Using Your Bathtub for Emergency Water Storage

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It doesn’t take much to make your local water supply undrinkable; in fact, boil orders and even do-not-drink orders are pretty common occurrences during a natural disaster. That’s why you need to take emergency water storage seriously.

During most disasters, water is going to be one of your top priorities. If you haven’t started stockpiling water, you need to get on it soon – it’s literally is a matter of life or death!

Converting Your Bathtub into an Emergency Water Storage Container

A bathtub is the perfect setup to quickly add some last-minute water to your emergency stockpile. While I would never rely on this as my primary means of water, I do think it’s a great option to supplement your supply, and should be something you do the moment things start to go bad.

If you have warning, or suspect your water supply may become compromised, you need to kick your bathtub storage plans into gear.

Commercial Bathtub Water Storage Systems

While you can simply turn on the tap and fill the tub, I advice buying a commercial storage kit like the waterBOB – it’s a lot safer and it will keep your water free from contamination.

WaterBOB Bathtub Water Storage  Container

The waterBOB is made from heavy duty food grade plastic and can hold up to 100 gallons of water. The system is incredibly easy to use; just place the liner in any standard bathtub, attach the fill sock to the faucet and fill the WaterBOB to capacity. When you need the water, just use the included siphon pump to dispense the water into a jug.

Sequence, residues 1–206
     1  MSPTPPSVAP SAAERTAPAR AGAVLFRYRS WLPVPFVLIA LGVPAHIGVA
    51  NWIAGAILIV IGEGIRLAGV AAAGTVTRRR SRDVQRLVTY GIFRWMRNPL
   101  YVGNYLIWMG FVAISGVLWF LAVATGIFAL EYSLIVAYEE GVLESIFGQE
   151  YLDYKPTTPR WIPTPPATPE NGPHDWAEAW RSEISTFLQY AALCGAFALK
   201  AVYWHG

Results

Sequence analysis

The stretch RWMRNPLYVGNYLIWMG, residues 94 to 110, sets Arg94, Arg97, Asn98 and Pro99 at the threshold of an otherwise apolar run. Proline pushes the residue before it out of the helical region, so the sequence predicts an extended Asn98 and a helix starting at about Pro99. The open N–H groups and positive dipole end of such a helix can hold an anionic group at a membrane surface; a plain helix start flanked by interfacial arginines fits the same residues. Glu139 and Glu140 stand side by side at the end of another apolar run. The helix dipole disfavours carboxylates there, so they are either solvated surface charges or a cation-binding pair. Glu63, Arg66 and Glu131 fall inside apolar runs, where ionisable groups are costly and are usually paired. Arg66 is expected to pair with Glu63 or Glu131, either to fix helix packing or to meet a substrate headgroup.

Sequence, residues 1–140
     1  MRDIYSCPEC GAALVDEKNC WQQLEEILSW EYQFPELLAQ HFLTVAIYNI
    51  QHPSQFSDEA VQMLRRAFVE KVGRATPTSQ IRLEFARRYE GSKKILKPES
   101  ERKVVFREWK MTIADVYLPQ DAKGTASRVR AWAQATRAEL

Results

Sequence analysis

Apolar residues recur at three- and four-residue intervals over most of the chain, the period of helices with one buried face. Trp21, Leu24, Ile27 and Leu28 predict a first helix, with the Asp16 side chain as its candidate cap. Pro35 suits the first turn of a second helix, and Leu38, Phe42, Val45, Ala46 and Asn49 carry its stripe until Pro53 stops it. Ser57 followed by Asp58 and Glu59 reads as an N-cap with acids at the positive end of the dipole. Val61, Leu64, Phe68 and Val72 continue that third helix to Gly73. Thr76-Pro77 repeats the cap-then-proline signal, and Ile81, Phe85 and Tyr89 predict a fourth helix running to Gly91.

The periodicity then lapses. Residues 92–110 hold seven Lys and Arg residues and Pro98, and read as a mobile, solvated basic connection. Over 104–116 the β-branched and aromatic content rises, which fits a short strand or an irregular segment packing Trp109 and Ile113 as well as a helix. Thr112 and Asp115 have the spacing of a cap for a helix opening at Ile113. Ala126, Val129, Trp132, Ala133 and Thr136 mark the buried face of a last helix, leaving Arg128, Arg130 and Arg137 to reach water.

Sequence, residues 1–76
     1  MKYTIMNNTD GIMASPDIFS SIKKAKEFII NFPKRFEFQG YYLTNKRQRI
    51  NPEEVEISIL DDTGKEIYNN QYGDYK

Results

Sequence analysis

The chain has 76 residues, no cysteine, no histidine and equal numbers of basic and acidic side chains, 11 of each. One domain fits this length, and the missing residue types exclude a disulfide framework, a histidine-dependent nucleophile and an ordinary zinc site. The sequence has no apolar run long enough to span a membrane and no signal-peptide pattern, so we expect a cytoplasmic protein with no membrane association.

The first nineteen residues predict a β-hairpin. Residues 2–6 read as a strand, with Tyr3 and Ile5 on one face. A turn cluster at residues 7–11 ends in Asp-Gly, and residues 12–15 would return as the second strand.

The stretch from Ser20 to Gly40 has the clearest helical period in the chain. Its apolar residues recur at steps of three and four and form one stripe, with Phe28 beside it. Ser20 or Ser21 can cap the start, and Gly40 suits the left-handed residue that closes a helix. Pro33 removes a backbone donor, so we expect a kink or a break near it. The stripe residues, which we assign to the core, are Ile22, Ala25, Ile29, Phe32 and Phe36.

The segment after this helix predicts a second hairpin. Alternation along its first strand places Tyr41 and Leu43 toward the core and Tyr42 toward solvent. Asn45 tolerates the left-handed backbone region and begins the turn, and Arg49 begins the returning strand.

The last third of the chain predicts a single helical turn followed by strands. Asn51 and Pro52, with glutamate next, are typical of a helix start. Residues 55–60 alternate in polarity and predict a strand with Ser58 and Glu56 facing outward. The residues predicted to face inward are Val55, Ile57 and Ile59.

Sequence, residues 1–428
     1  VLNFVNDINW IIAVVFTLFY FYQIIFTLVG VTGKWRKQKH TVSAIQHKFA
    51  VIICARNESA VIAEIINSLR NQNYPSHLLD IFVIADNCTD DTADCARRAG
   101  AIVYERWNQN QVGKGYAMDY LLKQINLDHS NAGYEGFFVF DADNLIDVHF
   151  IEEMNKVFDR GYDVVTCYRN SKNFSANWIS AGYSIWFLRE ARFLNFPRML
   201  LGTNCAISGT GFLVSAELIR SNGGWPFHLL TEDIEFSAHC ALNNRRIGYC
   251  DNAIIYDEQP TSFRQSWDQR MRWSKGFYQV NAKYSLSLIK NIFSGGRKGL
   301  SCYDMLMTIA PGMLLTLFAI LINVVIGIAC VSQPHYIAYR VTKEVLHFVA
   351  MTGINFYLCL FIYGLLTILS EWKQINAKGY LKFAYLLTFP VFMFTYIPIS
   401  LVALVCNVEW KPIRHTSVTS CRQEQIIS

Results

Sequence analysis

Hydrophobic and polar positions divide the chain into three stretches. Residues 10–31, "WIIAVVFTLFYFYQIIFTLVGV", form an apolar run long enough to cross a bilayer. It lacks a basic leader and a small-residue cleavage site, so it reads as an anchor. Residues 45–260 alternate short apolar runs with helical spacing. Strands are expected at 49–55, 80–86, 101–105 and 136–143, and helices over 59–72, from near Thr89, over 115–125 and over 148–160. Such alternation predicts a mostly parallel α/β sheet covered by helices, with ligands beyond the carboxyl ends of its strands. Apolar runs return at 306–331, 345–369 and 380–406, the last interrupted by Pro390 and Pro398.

Remember, water should be on the top of your emergency preparedness list. At minimum, you need to stockpile two weeks worth of emergency water. 1 Gallon Per Person, Per Day.

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  1. Papa "J" says:

    I have one of these and gave many away for Christmas. I took a small piece of PVC pipe and wrapped a few feet of gorilla tape to it and put in the box so you won’t have to take the time to go get it, or hold the filler to the tub spout while you fill up other pots or…
    Set an alarm or make sure you check it so it doesn’t over flow though.

  2. bubster says:

    Pad the drain fitting, etc with a folded towel to prevent tearing

  3. Anna says:

    Don’t forget the water heater.
    Turn off the water at the main and flip off the breaker/Turn of the gas to the heater.
    Open the hot water spigot in a sink to avoid vacuum.
    Open the relief valve at the bottom of the water heater into a container.
    My water heater has fifty gallons. 30 to 50 gallons is the usual for water heaters.
    Over a month of clean water for one person.

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